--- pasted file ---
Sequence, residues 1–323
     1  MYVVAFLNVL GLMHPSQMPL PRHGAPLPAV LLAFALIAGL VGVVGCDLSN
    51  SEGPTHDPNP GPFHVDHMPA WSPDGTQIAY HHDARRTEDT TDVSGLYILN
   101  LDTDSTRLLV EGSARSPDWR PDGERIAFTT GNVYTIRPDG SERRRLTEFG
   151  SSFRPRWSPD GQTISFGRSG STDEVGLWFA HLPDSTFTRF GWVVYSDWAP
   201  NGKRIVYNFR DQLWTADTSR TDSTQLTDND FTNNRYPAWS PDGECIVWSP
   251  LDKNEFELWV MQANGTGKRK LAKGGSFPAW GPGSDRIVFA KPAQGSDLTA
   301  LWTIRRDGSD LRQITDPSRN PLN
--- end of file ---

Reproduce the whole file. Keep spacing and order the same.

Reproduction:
Sequence, residues 1–323
     1  MYVVAFLNVL GLMHPSQMPL PRHGAPLPAV LLAFALIAGL VGVVGCDLSN
    51  SEGPTHDPNP GPFHVDHMPA WSPDGTQIAY HHDARRTEDT TDVSGLYILN
   101  LDTDSTRLLV EGSARSPDWR PDGERIAFTT GNVYTIRPDG SERRRLTEFG
   151  SSFRPRWSPD GQTISFGRSG STDEVGLWFA HLPDSTFTRF GWVVYSDWAP
   201  NGKRIVYNFR DQLWTADTSR TDSTQLTDND FTNNRYPAWS PDGECIVWSP
   251  LDKNEFELWV MQANGTGKRK LAKGGSFPAW GPGSDRIVFA KPAQGSDLTA
   301  LWTIRRDGSD LRQITDPSRN PLN